Canada’s Trudeau denies giving ground on aluminum in USMCA

Canada’s Prime Minister Justin Trudeau yesterday denied charges that he sacrificed the nation’s aluminum industry to reach a new North American free trade deal.

The new agreement signed Tuesday in Mexico City stipulates that 70 percent of the steel and aluminum used in cars in North America must be produced in Canada, the United States or Mexico.

The revised US-Mexico-Canada Agreement specifies that steel it must be molten metal poured in North America.

But that is not the case for aluminum, which could open the door to the use of Chinese metal recycled in Mexico, according to the Canadian industry and some in the opposition in Ottawa.

The new agreement specifies that requirements for aluminum will be considered after 10 years.

Yves-François Blanchet, leader of the Bloc Quebecois independence party in the House of Commons, blasted Trudeau for agreeing to the terms, saying that “for 10 years, Canada is forbidden to protect aluminum as it does steel.”

But Trudeau told lawmakers that “the new agreement represents a gain for workers in the aluminum sector” since the 70 percent local content requirement was not mandated in the 1994 NAFTA, which the USMCA will replace.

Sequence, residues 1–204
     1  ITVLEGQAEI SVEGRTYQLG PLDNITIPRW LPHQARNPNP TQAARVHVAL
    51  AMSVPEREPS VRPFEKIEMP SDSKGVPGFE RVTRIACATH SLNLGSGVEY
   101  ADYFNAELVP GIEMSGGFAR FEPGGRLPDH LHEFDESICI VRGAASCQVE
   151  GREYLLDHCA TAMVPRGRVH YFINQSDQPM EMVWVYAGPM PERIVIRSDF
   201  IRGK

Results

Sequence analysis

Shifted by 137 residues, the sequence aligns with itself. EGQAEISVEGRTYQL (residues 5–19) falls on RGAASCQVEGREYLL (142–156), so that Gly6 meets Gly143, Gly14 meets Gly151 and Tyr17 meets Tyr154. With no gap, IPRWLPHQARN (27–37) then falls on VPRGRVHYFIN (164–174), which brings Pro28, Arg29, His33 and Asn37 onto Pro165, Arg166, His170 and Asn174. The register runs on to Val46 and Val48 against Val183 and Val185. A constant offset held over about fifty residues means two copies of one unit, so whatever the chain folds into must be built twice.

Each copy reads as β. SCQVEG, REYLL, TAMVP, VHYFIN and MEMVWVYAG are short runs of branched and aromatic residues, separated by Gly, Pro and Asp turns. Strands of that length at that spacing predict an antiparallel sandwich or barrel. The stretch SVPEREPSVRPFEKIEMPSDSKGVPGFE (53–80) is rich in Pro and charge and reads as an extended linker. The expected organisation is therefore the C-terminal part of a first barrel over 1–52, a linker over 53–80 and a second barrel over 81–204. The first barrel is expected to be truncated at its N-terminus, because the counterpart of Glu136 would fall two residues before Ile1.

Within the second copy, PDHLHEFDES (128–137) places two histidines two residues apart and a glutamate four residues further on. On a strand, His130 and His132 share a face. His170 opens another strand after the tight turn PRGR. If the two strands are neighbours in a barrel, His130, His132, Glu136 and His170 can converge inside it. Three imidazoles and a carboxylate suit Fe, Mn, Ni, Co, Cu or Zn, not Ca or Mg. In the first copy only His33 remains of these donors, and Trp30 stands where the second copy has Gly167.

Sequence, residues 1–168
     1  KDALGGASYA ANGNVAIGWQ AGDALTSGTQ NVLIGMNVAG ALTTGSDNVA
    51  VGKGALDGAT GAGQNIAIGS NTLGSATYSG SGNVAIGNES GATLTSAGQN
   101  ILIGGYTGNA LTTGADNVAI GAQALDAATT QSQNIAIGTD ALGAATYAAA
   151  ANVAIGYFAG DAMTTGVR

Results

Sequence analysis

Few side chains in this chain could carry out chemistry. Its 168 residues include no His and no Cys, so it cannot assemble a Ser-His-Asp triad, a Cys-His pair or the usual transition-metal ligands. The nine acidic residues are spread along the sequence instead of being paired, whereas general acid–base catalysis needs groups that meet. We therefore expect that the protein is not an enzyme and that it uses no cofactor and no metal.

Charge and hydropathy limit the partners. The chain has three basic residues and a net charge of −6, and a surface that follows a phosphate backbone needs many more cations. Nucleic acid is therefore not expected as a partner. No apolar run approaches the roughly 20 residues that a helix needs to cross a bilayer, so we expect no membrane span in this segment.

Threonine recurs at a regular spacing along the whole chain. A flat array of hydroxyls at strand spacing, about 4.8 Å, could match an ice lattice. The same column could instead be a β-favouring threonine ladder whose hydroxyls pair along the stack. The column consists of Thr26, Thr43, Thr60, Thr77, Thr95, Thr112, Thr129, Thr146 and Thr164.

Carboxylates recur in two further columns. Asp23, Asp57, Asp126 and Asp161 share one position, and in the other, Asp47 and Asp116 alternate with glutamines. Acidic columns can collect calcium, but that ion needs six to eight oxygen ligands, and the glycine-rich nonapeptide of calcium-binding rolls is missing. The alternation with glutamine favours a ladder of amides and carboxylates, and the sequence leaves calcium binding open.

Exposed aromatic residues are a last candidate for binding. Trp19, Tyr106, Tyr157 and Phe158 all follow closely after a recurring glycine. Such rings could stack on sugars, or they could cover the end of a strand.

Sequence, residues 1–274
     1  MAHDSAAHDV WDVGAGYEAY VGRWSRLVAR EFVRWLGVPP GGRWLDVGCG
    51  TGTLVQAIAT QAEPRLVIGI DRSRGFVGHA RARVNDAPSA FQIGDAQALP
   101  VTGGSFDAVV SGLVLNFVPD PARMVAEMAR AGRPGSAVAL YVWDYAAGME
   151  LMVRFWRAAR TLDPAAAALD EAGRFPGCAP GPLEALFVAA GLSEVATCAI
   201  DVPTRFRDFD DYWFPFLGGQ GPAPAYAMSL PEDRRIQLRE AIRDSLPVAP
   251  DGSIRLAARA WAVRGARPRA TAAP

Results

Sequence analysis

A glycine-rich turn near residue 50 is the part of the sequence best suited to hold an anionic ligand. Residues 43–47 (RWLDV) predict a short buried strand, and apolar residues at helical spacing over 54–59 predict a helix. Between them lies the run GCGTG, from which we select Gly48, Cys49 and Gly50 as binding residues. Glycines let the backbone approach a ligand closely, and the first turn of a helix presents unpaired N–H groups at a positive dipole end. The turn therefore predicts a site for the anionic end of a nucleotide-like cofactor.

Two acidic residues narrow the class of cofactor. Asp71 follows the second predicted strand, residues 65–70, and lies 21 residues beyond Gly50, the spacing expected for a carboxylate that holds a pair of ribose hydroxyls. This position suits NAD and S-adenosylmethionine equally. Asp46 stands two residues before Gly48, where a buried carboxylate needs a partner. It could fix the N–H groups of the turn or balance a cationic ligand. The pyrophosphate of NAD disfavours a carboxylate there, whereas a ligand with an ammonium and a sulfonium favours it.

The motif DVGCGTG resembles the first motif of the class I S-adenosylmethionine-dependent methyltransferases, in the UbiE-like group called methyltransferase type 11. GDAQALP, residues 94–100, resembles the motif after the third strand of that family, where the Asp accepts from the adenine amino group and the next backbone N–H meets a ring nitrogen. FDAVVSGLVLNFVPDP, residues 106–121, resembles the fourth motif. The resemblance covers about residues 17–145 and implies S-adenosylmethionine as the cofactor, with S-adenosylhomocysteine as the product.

And he noted that his government in May negotiated a repeal of the punitive tariffs that US President Donald Trump imposed on Canadian and Mexican aluminum.

Canada is the largest supplier of aluminum to the United States, and eight of Canada’s nine aluminum plants are located in Quebec.

The industry also objects to the new trade rules.

“The advantage thus conferred to Mexico makes it more or less China’s North American backyard to dispose of the products of its overcapacity, thereby generating the gradual relocation of North American transformers to Mexico,” said Jean Simard, head of the Aluminium Association of Canada.

“There will be consequences on our value chain and more directly on our US customers, which will affect our competitiveness in the future.”


© Agence France-Presse